Linux.com

listxattr.2

LISTXATTR

Section: Linux Programmer's Manual (2)
Updated: 2001-12-01
Index Return to Main Contents
 

NAME

listxattr, llistxattr, flistxattr - list extended attribute names  

SYNOPSIS

#include <sys/types.h>
#include <attr/xattr.h>

ssize_t listxattr(const char *path, char *list, size_t size);
ssize_t llistxattr(const char *path, char *list, size_t size);
ssize_t flistxattr(int fd, char *list, size_t size);
 

DESCRIPTION

Extended attributes are name:value pairs associated with inodes (files, directories, symbolic links, etc.). They are extensions to the normal attributes which are associated with all inodes in the system (i.e., the stat(2) data). A complete overview of extended attributes concepts can be found in attr(5).

listxattr() retrieves the list of extended attribute names associated with the given path in the file system. The list is the set of (null-terminated) names, one after the other. Names of extended attributes to which the calling process does not have access may be omitted from the list. The length of the attribute name list is returned.

llistxattr() is identical to listxattr(), except in the case of a symbolic link, where the list of names of extended attributes associated with the link itself is retrieved, not the file that it refers to.

flistxattr() is identical to listxattr(), only the open file referred to by fd (as returned by open(2)) is interrogated in place of path.

A single extended attribute name is a simple null-terminated string. The name includes a namespace prefix; there may be several, disjoint namespaces associated with an individual inode.

An empty buffer of size zero can be passed into these calls to return the current size of the list of extended attribute names, which can be used to estimate the size of a buffer which is sufficiently large to hold the list of names.  

Example

The list of names is returned as an unordered array of null-terminated character strings (attribute names are separated by null bytes ('\0')), like this:

user.name1\0system.name1\0user.name2\0

Filesystems like ext2, ext3 and XFS which implement POSIX ACLs using extended attributes, might return a list like this:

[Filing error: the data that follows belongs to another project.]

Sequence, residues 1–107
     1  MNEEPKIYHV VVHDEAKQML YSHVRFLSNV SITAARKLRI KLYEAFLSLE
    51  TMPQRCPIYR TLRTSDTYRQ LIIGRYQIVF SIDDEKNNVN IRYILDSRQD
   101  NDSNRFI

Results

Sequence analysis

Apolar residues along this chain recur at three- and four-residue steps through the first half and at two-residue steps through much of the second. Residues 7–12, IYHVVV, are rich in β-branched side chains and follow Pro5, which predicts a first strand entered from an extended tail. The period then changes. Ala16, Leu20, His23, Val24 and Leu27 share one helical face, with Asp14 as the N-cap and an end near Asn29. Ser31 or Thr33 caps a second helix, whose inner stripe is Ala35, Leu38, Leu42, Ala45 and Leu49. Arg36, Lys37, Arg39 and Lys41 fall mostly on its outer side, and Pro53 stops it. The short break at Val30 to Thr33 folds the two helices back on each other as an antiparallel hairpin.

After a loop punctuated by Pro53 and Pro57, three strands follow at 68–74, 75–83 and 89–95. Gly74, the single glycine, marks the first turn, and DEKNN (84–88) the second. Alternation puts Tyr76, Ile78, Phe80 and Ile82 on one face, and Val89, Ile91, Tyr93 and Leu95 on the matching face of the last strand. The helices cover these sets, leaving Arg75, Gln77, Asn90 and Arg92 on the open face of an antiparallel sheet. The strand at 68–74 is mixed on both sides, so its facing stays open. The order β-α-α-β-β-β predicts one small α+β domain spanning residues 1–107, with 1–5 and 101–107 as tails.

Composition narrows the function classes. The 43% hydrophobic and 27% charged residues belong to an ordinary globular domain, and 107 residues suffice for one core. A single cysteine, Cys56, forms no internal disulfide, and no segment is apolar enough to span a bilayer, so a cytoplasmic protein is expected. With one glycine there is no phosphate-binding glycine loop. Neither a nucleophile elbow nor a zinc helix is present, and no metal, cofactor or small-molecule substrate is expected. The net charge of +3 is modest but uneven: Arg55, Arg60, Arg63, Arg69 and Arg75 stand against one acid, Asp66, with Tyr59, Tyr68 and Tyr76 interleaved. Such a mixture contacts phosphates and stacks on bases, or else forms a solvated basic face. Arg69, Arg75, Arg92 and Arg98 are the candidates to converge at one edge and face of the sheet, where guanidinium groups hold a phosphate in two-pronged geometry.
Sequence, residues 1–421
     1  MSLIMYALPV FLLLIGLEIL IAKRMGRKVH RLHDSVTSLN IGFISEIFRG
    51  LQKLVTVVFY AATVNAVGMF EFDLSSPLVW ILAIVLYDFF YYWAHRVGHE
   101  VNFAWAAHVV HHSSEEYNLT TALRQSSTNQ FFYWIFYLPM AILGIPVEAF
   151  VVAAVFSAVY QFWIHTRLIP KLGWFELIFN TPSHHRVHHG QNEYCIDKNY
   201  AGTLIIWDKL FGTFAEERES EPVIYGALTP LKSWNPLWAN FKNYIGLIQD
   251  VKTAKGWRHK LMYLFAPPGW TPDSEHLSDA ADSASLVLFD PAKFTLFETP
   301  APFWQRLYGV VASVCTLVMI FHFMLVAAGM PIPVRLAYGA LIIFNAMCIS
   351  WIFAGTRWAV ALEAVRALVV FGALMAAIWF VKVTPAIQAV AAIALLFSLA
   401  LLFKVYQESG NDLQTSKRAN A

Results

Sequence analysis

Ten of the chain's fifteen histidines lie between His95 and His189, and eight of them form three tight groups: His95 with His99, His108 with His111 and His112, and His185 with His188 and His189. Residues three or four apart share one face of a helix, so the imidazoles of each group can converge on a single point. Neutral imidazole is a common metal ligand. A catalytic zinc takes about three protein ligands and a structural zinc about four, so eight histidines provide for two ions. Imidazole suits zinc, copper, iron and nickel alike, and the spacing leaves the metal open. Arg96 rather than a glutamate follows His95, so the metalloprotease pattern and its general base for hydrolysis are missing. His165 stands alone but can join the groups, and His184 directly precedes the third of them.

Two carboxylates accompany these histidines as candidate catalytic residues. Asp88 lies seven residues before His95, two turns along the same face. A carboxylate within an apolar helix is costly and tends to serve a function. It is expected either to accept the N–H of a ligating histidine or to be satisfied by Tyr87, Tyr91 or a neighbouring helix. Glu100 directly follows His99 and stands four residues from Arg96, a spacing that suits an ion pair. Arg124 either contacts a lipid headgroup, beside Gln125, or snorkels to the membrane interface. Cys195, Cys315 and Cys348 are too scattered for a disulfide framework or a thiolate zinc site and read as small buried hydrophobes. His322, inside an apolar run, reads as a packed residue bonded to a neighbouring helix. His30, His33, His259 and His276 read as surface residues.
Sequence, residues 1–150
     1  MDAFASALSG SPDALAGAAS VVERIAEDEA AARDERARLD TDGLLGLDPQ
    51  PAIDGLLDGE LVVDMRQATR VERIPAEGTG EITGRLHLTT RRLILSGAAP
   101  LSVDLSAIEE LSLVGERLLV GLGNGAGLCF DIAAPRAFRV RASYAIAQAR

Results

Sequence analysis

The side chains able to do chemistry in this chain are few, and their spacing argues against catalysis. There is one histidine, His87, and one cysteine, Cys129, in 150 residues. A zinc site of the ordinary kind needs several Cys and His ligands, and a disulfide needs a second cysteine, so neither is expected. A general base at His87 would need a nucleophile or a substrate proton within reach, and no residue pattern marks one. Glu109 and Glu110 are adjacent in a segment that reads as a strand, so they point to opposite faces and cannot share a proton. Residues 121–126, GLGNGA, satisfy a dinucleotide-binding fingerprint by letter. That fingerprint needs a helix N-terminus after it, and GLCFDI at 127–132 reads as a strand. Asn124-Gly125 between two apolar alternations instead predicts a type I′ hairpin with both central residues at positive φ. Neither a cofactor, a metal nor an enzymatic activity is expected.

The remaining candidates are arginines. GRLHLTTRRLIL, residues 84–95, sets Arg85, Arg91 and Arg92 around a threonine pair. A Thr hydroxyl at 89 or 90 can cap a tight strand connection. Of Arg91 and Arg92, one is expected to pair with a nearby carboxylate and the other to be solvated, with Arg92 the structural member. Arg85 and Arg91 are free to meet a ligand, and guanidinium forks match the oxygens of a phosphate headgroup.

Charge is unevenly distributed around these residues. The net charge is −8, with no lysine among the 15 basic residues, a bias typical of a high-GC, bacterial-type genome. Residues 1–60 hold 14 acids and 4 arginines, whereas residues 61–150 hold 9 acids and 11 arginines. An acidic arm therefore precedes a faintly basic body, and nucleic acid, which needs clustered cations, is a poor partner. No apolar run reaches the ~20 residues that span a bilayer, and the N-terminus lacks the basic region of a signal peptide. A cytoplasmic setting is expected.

system.posix_acl_access\0system.posix_acl_default\0
 

RETURN VALUE

On success, a positive number is returned indicating the size of the extended attribute name list. On failure, -1 is returned and errno is set appropriately.

If the size of the list buffer is too small to hold the result, errno is set to ERANGE.

If extended attributes are not supported by the file system, or are disabled, errno is set to ENOTSUP.

The errors documented for the stat(2) system call are also applicable here.  

VERSIONS

These system calls have been available on Linux since kernel 2.4; glibc support is provided since version 2.3.  

CONFORMING TO

These system calls are Linux-specific.  

SEE ALSO

getfattr(1), setfattr(1), getxattr(2), open(2), removexattr(2), setxattr(2), stat(2), attr(5), symlink(7)  

COLOPHON

This page is part of release 3.21 of the Linux man-pages project. A description of the project, and information about reporting bugs, can be found at http://www.kernel.org/doc/man-pages/.


 

Index

NAME
SYNOPSIS
DESCRIPTION
Example
RETURN VALUE
VERSIONS
CONFORMING TO
SEE ALSO
COLOPHON

 

Comments

Subscribe to Comments Feed

Upcoming Linux Foundation Courses

  1. LFD331 Developing Linux Device Drivers
    25 Aug » 29 Aug - Virtual
    Details
  2. LFD411 Embedded Linux Development
    25 Aug » 29 Aug - Santa Clara, CA
    Details
  3. LFS422 High Availability Linux Architecture
    08 Sep » 11 Sep - Raleigh, NC
    Details

View All Upcoming Courses

Become an Individual Member
Check out the Friday Funnies

Sign Up For the Linux.com Newsletter


Who we are ?

The Linux Foundation is a non-profit consortium dedicated to the growth of Linux.

More About the foundation...

Frequent Questions

Join / Linux Training / Board